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Robots cruise into Crenshaw curriculum



SPECIAL REPORT: After three years as an after-school club activity, robotics has made its way into the regular curriculum at Crenshaw High School. It's being embraced as part of a wider school reform effort, but it's also testament to a handful of teachers who would like to earn the South L.A. school a reputation for engineering.

AUDIO SLIDESHOW: Crenshaw High School students troubleshoot errors with their robot, while faculty try to scrounge up support to keep the new class going.

Growing up fast presents challenges for youth in South L.A.



As the economic crisis pushes parents to work multiple jobs, their children face as many challenges. Taking on adult responsibilities, they care for their younger siblings, deal with academic and peer pressure, and cope with complex changes to their bodies and feelings—often without parental support. Youth like Gabriel Hamilton confront life’s challenges as best they can. AUDIO

Related: Teachers play double role for immigrant and poor students

At Crenshaw, ambitions abound


At times running counter to public perception, Crenshaw students aspire to attend college, own businesses, even play in the NBA. But achieving these dreams is often more challenging for urban youth.


Saving troubled teens, one at a time


Improving the graduation rate at Belmont High School is one goal of an aggressive boot camp for students run by the Los Angeles Police Department and the Los Angeles Unified School District. The other: helping teens learn life skills they lack. Early results are promising.

L.A.'s new arts high school offers promise, but problems too


A new downtown Los Angeles high school dedicated to the performing arts faces numerous challenges in the months before its scheduled fall 2009 opening. But this school is different: it will blend academics with the arts in an approach increasingly seen as a way to boost student achievement. But budget issues threaten the school before it even opens. B. Adriana Venegas-Chavez visits with school officials managing the new school.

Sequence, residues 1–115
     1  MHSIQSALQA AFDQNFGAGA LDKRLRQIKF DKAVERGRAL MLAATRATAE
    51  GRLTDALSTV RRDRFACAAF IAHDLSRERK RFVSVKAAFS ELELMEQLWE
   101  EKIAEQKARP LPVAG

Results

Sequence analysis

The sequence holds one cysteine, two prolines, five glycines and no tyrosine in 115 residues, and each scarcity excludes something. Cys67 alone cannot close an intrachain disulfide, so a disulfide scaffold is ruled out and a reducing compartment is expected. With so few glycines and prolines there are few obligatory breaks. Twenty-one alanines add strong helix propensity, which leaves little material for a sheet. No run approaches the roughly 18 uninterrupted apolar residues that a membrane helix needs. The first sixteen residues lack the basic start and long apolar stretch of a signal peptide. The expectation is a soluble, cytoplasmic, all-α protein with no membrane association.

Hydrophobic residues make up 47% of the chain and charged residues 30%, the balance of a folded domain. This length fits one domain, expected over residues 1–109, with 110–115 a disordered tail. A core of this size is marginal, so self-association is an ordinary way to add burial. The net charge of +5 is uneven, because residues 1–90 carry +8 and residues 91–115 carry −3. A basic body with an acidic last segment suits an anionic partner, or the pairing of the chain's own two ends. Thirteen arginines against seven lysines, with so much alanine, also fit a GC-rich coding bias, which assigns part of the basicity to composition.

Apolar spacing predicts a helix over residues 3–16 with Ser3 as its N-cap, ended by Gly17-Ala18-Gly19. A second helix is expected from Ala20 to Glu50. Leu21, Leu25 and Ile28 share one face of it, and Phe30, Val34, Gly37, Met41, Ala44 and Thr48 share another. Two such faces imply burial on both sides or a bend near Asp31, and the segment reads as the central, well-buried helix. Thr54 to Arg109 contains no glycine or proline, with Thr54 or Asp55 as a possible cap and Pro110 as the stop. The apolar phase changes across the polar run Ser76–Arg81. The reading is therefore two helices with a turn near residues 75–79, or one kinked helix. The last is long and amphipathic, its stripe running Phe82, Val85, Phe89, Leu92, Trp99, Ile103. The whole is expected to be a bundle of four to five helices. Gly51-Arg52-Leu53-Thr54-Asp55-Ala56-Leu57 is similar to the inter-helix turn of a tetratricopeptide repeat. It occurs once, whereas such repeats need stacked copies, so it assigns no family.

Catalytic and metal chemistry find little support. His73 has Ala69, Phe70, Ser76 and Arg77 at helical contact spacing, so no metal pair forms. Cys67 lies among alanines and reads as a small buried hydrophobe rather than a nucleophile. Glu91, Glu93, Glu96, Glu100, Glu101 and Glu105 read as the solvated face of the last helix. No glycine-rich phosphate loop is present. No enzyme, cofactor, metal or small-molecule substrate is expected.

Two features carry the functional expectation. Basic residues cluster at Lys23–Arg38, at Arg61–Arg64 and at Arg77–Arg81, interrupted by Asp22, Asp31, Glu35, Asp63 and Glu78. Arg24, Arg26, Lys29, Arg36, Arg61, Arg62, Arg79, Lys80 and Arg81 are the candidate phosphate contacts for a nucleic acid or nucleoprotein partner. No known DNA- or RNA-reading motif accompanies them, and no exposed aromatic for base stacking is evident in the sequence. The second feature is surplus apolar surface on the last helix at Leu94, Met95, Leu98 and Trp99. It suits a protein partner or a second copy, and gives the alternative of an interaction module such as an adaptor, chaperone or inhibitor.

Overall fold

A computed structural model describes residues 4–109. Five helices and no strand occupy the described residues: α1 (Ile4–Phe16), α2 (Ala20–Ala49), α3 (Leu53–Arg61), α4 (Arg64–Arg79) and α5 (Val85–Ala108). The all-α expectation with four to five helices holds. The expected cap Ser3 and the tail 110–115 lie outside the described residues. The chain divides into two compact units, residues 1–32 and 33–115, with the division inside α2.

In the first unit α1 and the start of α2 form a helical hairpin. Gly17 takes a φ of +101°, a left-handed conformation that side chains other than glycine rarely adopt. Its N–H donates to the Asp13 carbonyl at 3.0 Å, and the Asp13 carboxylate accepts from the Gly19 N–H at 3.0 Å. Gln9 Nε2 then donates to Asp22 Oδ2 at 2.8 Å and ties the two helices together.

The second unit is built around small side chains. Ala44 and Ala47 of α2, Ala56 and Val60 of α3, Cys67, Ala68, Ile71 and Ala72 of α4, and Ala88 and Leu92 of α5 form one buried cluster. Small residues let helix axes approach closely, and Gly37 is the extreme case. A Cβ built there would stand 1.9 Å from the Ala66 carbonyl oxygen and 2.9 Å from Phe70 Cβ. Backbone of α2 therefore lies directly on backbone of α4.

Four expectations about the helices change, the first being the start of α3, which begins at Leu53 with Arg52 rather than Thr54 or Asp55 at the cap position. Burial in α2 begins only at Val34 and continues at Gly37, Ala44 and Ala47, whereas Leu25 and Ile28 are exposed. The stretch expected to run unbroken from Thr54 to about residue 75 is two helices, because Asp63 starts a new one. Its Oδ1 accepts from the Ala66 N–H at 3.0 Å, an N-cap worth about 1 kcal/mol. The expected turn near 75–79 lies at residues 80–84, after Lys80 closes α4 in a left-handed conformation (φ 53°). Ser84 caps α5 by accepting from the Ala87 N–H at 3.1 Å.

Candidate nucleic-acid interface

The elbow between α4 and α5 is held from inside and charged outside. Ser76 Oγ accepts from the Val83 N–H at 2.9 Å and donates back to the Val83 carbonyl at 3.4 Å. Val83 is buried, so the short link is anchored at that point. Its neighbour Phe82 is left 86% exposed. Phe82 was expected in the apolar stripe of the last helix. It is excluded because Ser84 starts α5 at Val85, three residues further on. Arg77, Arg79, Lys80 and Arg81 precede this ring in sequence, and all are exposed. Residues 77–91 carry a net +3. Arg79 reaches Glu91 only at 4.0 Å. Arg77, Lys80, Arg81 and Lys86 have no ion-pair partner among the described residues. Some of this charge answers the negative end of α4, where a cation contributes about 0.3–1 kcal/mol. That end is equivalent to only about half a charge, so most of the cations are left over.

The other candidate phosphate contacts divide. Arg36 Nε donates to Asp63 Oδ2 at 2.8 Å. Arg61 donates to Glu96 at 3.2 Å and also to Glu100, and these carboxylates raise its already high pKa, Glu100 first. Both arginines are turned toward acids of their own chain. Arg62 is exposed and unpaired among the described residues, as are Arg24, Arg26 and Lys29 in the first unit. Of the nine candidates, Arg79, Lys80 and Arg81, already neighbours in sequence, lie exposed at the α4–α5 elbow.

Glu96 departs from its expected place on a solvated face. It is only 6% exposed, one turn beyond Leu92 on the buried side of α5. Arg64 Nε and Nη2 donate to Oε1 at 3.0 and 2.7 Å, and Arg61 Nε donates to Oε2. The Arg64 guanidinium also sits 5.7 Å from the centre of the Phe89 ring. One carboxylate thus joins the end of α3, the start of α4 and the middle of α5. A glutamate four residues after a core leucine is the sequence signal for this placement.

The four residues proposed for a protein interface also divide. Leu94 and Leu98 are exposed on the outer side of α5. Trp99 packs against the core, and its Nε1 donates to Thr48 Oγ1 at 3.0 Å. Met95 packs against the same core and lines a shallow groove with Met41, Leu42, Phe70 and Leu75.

Greenlight: The Business of South Los Angeles

California lottery sales falter; impact on schools is next


VIDEO: The California Lottery reported sales dropped in 2008 by more than $100 million, or more than 10 percent, the result of the struggling national economy. Other factors—fewer large jackpots—contributed to the decline, but it's all bad news for the state’s public schools, which received $960 million from the lottery in 2007.

A historic inauguration spurs retail business



Leimert Park shop owners see at least one bright spot in the gloomy economy: President-elect Barack Obama. Memorabilia and collectibles depicting the nation's first African-American president are selling at a brisk rate.

USC students’ new lesson: Comparison Shopping 101


Higher food costs are forcing USC students to shop more carefully for groceries to keep their budgets in check. Watt Way's Sara Lerner follows one student to the store and learns where to find the best prices for bread, cheese and other items.